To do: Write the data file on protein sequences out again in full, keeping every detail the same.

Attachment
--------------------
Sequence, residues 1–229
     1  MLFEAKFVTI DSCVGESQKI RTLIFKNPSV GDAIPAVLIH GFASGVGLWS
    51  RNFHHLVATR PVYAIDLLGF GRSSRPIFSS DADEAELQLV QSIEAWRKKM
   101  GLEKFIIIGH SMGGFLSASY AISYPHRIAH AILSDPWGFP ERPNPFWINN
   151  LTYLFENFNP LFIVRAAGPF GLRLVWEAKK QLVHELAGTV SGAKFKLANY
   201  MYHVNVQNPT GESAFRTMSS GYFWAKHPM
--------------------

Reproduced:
Sequence, residues 1–229
     1  MLFEAKFVTI DSCVGESQKI RTLIFKNPSV GDAIPAVLIH GFASGVGLWS
    51  RNFHHLVATR PVYAIDLLGF GRSSRPIFSS DADEAELQLV QSIEAWRKKM
   101  GLEKFIIIGH SMGGFLSASY AISYPHRIAH AILSDPWGFP ERPNPFWINN
   151  LTYLFENFNP LFIVRAAGPF GLRLVWEAKK QLVHELAGTV SGAKFKLANY
   201  MYHVNVQNPT GESAFRTMSS GYFWAKHPM